A malign influence from Britain
IRELAND HAS become a battleground for several conflicting political currents in the European Union as voters prepare to decide on the Lisbon Treaty on October 2nd. That is to be expected in this emergent transnational political system, notwithstanding electoral sovereignty. Less expected and worth more discussion than it has had so far is the fact that the most prominent intervention of this kind comes from the hard Eurosceptic and Europhobic wings of British conservatism who want to weaken the EU radically or withdraw from it altogether. Their objectives are altogether at variance with Ireland’s vital interests as a small state in a well-functioning EU system.
The scale of the intervention will be brought home next week when every household in the State will receive a set of leaflets from the Europe of Freedom and Democracy group in the European Parliament, whose dominant member is the United Kingdom Independence Party (UKIP). The group’s 30 members are right-wing nationalists brought together on an anti-immigrant and frequently racist programme, but they have no Irish MEPs. The leaflets deal with jobs, immigration, taxation, democracy, values and rural Ireland. They say wrongly that Lisbon gives the EU full control over immigration and that Turkey’s accession would lead to a mass migration of cheap labour, along with crude anti-Islamic illustrations. Other arguments are made with a similar farrago of false claims or legal half-truths.
This would be less disturbing were it not part of a wider pattern of British influence on Ireland’s Lisbon debate. Many British-based newspapers are using their position in the Irish market to promote their own partisan or ideological arguments about the EU, with little regard for this State’s very different political culture and experience or for a balanced debate on Lisbon’s merits. They want to force the Conservatives to reopen Lisbon by a UK referendum if Ireland votes Yes, or to use an Irish No to deepen the consequential fragmentation of the wider EU system in an effort to subvert it altogether. In fact, the Conservative leadership has decided to respect an Irish vote in favour and to concentrate then on renegotiating British relations with the EU.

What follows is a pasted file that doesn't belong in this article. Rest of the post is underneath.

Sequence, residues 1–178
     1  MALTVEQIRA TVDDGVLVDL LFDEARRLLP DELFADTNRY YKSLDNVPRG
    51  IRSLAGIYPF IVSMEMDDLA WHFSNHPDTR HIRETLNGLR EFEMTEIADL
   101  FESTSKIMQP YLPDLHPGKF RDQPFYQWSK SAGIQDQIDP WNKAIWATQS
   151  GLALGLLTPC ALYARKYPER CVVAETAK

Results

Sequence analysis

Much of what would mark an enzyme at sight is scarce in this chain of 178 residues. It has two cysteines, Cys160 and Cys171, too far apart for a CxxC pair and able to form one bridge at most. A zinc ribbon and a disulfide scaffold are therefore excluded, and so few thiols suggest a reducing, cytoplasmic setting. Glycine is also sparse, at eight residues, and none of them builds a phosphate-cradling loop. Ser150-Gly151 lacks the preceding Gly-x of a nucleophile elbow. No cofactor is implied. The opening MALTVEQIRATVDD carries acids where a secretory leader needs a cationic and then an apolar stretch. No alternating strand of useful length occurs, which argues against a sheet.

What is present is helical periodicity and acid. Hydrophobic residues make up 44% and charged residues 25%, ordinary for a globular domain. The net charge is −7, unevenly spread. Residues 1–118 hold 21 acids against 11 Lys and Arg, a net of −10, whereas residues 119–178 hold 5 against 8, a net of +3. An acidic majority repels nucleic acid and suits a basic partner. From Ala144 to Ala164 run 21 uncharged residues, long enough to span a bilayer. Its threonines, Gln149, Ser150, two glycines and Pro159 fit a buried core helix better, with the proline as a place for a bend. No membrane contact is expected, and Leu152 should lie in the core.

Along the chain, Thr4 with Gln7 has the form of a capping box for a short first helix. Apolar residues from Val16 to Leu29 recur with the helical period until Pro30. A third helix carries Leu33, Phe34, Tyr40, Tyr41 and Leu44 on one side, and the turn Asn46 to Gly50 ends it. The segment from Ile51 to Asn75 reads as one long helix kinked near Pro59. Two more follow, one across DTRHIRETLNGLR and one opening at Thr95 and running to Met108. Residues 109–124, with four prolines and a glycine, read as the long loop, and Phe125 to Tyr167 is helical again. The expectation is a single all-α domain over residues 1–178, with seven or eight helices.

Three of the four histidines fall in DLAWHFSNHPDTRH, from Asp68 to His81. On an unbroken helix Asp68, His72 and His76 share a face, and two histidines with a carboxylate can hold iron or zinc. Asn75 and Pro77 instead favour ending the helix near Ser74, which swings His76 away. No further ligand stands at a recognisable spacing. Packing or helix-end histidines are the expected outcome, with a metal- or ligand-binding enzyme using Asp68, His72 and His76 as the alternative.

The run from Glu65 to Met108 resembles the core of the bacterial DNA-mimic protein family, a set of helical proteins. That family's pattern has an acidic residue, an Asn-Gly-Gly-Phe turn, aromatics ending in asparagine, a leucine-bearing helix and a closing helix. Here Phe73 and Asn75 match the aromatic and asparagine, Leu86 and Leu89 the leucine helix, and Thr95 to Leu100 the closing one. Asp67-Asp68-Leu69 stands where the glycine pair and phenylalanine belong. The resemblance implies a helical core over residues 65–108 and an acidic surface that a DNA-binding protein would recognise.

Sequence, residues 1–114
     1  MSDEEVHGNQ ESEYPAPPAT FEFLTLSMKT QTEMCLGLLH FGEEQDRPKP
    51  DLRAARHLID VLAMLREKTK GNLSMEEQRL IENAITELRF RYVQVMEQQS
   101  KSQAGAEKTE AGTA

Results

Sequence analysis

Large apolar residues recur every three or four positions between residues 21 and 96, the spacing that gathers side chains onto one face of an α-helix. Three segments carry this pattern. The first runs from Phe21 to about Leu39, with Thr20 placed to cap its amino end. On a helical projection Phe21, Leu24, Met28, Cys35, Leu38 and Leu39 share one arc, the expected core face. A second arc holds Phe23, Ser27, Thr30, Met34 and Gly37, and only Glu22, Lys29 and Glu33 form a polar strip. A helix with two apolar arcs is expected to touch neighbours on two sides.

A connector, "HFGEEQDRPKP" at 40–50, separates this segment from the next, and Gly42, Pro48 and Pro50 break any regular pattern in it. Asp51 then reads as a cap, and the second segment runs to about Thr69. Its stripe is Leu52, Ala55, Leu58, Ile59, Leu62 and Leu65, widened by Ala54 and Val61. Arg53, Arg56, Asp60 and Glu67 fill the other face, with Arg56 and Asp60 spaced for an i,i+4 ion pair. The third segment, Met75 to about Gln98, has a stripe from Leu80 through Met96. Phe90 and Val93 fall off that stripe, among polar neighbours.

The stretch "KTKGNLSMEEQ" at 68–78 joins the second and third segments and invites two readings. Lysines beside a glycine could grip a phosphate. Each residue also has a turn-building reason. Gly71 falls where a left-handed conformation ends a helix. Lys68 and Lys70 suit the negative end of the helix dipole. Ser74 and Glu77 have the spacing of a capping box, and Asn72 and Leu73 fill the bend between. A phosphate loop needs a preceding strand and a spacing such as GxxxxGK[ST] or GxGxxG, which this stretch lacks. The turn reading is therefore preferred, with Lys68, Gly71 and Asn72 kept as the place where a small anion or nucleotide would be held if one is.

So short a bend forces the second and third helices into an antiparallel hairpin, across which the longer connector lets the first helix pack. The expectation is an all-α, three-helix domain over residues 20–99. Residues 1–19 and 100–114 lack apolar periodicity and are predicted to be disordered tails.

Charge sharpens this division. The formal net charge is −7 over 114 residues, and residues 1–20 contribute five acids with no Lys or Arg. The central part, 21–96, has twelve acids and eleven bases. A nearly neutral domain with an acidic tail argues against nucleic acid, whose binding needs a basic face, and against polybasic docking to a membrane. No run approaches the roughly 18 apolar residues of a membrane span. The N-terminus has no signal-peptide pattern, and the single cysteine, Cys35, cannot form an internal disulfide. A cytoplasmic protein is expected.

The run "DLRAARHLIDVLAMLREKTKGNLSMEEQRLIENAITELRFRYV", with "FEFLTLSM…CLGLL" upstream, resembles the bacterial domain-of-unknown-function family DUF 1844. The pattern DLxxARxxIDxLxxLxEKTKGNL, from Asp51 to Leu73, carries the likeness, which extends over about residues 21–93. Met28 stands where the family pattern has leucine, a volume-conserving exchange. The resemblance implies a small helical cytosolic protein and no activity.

An Irish No would transform that negotiation into one about the emergence of a two-tier Europe, as continental states would seek to preserve core EU institutions and agree a looser relationship with the UK. In those circumstances, Ireland would soon be repositioned within a British sphere of influence, reversing the achievements of EU membership which have given us a more genuine independence since joining 36 years ago. That would be an utterly regrettable outcome.
These hard political realities are seldom taken account of by Ireland’s hard sovereigntists. Sinn Féin’s advocacy of a No vote in the Republic sits awkwardly with its support of closer European integration in the Northern Executive, for example. Many on the left of Irish politics fail to see this political logic. Voters tempted to support them should be fully aware that a No victory would embolden such a hard right-wing agenda.